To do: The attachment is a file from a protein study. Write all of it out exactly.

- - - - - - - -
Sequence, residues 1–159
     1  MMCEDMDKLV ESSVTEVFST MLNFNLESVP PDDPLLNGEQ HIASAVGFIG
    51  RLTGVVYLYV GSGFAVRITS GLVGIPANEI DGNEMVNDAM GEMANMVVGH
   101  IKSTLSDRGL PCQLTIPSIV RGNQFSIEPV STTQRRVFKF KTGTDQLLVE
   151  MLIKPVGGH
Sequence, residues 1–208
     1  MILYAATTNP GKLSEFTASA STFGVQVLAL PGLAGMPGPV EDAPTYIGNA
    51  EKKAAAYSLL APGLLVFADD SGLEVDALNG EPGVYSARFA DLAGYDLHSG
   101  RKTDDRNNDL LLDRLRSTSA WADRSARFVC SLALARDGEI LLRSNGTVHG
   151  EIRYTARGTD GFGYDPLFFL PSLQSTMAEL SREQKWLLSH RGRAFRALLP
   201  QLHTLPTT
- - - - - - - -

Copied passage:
Sequence, residues 1–159
     1  MMCEDMDKLV ESSVTEVFST MLNFNLESVP PDDPLLNGEQ HIASAVGFIG
    51  RLTGVVYLYV GSGFAVRITS GLVGIPANEI DGNEMVNDAM GEMANMVVGH
   101  IKSTLSDRGL PCQLTIPSIV RGNQFSIEPV STTQRRVFKF KTGTDQLLVE
   151  MLIKPVGGH
Sequence, residues 1–208
     1  MILYAATTNP GKLSEFTASA STFGVQVLAL PGLAGMPGPV EDAPTYIGNA
    51  EKKAAAYSLL APGLLVFADD SGLEVDALNG EPGVYSARFA DLAGYDLHSG
   101  RKTDDRNNDL LLDRLRSTSA WADRSARFVC SLALARDGEI LLRSNGTVHG
   151  EIRYTARGTD GFGYDPLFFL PSLQSTMAEL SREQKWLLSH RGRAFRALLP
   201  QLHTLPTT